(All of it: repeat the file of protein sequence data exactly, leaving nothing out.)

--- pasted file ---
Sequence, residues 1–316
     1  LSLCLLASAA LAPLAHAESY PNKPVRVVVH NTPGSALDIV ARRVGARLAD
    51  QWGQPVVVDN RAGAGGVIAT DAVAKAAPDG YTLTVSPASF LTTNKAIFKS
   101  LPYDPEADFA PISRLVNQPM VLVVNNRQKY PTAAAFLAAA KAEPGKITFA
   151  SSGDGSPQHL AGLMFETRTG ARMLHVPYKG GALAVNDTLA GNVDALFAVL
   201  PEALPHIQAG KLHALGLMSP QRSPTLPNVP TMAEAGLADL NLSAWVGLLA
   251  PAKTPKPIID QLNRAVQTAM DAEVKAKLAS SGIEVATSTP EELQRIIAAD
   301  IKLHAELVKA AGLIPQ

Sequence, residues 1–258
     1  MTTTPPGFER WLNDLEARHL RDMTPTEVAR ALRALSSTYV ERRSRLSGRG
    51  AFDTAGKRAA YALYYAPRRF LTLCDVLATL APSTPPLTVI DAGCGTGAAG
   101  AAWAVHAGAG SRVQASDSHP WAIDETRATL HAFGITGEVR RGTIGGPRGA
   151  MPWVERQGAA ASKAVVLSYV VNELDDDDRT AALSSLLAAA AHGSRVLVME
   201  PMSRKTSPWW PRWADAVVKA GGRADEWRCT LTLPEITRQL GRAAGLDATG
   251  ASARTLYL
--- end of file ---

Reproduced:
Sequence, residues 1–316
     1  LSLCLLASAA LAPLAHAESY PNKPVRVVVH NTPGSALDIV ARRVGARLAD
    51  QWGQPVVVDN RAGAGGVIAT DAVAKAAPDG YTLTVSPASF LTTNKAIFKS
   101  LPYDPEADFA PISRLVNQPM VLVVNNRQKY PTAAAFLAAA KAEPGKITFA
   151  SSGDGSPQHL AGLMFETRTG ARMLHVPYKG GALAVNDTLA GNVDALFAVL
   201  PEALPHIQAG KLHALGLMSP QRSPTLPNVP TMAEAGLADL NLSAWVGLLA
   251  PAKTPKPIID QLNRAVQTAM DAEVKAKLAS SGIEVATSTP EELQRIIAAD
   301  IKLHAELVKA AGLIPQ

Sequence, residues 1–258
     1  MTTTPPGFER WLNDLEARHL RDMTPTEVAR ALRALSSTYV ERRSRLSGRG
    51  AFDTAGKRAA YALYYAPRRF LTLCDVLATL APSTPPLTVI DAGCGTGAAG
   101  AAWAVHAGAG SRVQASDSHP WAIDETRATL HAFGITGEVR RGTIGGPRGA
   151  MPWVERQGAA ASKAVVLSYV VNELDDDDRT AALSSLLAAA AHGSRVLVME
   201  PMSRKTSPWW PRWADAVVKA GGRADEWRCT LTLPEITRQL GRAAGLDATG
   251  ASARTLYL